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'12 motorcycle deaths spike as Minnesota traffic fatalities rise

There was an uptick in traffic fatalities in Minnesota last year. The Duluth News Tribune story says: “378 people were killed in 2012, according to the department’s Office of Traffic Safety. The final total won’t be known until final crash reports are submitted, but could be around 390. That would be a 6 percent increase from 2011, when there were 368 traffic deaths statewide — the lowest number since 1944 and a 44 percent reduction from a decade ago. Wisconsin also saw an increase in traffic deaths. According to preliminary numbers from the Wisconsin Department of Transportation, the state had 601 traffic fatalities in 2012, an increase of 36 (about 6 percent) from 2011 and two more than the previous five-year average. Despite the increase in Minnesota’s traffic deaths, 2012 will be the second safest year on the state’s roads since 1944, which saw 356 traffic deaths.”

Tim Harlow of the Strib adds: “[P]reliminary data show a 26 percent jump in the number of motorcyclists killed last year compared with 2011. Warm weather led to a longer riding season, one factor officials attribute for the 53 deaths last year compared with 42 the year before. The number of bicyclists, six, also was up one from 2011. Pedestrian deaths — 38 — equaled the 2011 total. The number of people in motor vehicles who were killed dropped by two, from 283 in 2011 to 281 in 2012.” Insert helmet debate here.

Upon further consideration … GOP Rep. Steve Gottwalt, lobbying legislator extraordinaire, has decided to resign from the government game. Tom Scheck of MPR says: “Gottwalt, R-St. Cloud, announced [Thursday night] that he's resigning from the Minnesota Legislature. The announcement comes after Gottwalt took a lobbying job with the Center for Diagnostic Imaging of St. Louis Park. Gottwalt had planned to lobby in states other than Minnesota to ensure there was no conflict of interest but he said that the new job would prevent him from fully serving his constituents. … Governor Dayton will have to call a special election to replace Gottwalt. Dayton will order that election after he receives Gottwalt's resignation letter.”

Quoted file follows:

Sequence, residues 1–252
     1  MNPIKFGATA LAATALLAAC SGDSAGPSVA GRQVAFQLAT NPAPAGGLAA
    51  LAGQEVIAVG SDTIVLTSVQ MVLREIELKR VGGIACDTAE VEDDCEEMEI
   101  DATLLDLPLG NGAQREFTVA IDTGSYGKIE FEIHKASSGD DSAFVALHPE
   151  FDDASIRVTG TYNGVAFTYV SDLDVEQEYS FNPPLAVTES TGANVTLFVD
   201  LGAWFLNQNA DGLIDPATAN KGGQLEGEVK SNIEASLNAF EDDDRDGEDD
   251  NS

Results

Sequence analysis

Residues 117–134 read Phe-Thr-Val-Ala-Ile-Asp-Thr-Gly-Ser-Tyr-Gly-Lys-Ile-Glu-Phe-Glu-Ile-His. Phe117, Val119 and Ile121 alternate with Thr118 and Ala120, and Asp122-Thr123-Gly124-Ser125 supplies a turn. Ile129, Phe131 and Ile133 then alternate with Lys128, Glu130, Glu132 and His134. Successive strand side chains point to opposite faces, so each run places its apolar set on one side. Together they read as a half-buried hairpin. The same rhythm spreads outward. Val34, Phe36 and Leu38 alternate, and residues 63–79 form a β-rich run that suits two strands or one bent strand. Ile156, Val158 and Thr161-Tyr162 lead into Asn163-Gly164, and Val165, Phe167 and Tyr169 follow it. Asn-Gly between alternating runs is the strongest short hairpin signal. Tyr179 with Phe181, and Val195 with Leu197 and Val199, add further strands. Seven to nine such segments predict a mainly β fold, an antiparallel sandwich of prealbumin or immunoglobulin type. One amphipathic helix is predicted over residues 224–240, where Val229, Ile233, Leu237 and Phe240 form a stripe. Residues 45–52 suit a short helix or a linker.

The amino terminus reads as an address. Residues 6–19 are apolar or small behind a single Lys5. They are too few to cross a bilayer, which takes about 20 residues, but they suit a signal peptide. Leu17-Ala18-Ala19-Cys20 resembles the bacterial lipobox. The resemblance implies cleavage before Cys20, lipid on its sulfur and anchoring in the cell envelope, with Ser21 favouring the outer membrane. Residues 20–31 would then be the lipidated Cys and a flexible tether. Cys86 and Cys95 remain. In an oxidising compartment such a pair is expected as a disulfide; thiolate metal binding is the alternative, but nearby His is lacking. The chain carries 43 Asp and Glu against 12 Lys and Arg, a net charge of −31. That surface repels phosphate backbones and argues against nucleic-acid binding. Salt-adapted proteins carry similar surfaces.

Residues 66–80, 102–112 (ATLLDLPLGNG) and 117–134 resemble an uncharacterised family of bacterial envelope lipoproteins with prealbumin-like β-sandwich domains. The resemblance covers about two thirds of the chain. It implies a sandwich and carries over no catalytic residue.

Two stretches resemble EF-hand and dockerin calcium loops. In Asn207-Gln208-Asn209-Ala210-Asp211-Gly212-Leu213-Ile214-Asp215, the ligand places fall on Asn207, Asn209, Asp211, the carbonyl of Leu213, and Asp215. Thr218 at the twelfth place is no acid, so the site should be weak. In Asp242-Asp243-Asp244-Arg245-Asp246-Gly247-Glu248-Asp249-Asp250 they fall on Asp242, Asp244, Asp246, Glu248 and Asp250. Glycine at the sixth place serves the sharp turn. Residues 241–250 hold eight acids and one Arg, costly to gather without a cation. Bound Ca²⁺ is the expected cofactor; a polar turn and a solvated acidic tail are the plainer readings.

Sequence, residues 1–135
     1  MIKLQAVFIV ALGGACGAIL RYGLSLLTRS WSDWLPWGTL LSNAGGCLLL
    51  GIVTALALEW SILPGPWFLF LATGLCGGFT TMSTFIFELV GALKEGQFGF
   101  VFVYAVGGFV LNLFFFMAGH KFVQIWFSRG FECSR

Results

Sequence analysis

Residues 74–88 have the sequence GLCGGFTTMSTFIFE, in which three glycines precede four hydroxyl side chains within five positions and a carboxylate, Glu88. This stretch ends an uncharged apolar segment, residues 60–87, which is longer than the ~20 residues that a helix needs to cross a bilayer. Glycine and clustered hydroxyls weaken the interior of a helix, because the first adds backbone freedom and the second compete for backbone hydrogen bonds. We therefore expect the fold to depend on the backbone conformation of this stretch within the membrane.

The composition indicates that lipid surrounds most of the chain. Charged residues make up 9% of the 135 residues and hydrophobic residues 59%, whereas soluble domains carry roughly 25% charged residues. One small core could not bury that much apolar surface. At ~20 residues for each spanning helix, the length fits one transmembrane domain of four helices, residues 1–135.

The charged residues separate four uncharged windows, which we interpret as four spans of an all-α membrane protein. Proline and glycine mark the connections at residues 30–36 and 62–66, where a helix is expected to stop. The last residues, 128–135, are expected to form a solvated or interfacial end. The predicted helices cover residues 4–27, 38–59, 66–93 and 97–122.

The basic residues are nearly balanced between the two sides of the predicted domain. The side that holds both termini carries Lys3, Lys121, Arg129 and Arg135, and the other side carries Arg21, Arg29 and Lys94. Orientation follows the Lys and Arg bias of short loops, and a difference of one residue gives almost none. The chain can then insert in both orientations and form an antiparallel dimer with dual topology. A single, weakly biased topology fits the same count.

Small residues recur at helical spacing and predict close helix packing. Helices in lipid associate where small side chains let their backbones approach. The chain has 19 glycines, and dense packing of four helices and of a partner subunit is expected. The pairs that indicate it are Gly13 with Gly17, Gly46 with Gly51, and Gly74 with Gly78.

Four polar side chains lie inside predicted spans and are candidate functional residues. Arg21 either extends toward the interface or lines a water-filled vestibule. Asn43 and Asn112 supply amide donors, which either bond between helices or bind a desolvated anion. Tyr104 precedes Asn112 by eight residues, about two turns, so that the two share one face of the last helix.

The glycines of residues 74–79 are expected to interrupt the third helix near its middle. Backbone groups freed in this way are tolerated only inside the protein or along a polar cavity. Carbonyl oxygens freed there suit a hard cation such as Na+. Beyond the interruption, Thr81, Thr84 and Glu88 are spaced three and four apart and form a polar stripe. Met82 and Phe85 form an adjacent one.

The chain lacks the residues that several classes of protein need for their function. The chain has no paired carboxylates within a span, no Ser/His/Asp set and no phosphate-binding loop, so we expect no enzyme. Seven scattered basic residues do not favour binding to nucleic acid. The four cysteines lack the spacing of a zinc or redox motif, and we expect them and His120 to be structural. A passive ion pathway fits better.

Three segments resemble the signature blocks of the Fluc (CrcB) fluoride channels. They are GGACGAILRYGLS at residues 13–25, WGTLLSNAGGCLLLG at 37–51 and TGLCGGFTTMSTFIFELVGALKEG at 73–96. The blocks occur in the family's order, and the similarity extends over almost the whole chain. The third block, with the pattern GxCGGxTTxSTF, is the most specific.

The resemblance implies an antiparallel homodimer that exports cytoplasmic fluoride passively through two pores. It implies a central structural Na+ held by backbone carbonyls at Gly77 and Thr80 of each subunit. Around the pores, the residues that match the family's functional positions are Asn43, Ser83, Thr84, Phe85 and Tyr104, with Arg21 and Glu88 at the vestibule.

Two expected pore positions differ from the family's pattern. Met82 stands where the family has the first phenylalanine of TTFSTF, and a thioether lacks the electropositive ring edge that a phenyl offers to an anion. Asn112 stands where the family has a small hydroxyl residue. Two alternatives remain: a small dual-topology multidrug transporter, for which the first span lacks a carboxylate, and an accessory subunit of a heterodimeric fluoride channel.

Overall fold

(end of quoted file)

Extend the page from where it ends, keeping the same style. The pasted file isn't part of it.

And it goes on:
Justice has been served... Dan Browning of the Strib reports: “Jason ‘Bo’ Beckman will serve 30 years in federal prison for his role in the state's second-largest Ponzi scheme. Co-conspirator Gerald Durand will serve 20. Two others are still awaiting sentencing Thursday afternoon in federal court in Minneapolis as one of the most complicated white-collar crime cases in memory comes to a close. Beckman also was ordered to pay restitution of $155,359,411.77 -- the lion's share of the $194 million that the scheme cost more than 700 investors nationwide.” And to quote Randy Moss, we’ll take that in “Straight cash, homey.”

The plug has been pulled on the electric carp barrier. Josephine Marcotty of the Strib says: “An electric barrier at the Ford Dam in St. Paul is not a feasible option to stop the spread of Asian carp up the Mississippi River and into Minnesota's northern lakes, state officials announced Thursday. … The DNR said it would, nonetheless, recommend that the state fund a light and bubble barrier, which will cost $12 million to $19 million for construction and $250,000 per year to operate.”

Interesting piece of police work … The AP reports: “U.S. Immigration and Customs Enforcement officials say a photo taken at a resort in west-central Minnesota helped them solve a child pornography case and rescue a girl from her abuser. Gene Paulauskas, assistant special agent in charge of ICE's Homeland Security Investigations in Minneapolis, said agents in Oregon were investigating a case when they came across a photo labeled ‘Our Minnesota Trip.’ The image was sent to agents in Minnesota, who distributed it among resort owners. The former owner of a resort in Richville, Minn., in Otter Tail County, identified the property, and investigators tracked the alleged abuser to Illinois. She was arrested there in May and later convicted on child pornography charges.”

The Fed is bullish on Minnesota. Annie Baxter of MPR writes: “Minnesota is poised for stronger employment growth in 2013, according to a forecast from the Federal Reserve Bank of Minneapolis. The bank's economists expect job growth of 2.2 percent in Minnesota this year. That's higher than the historical average growth rate of 1.4 percent. The forecast is based on statistical models. But the Fed also polled business leaders about hiring. Fed economist Rob Grunewald said even though employers are slightly less optimistic this year than they were in 2012, they still plan on increasing payrolls.”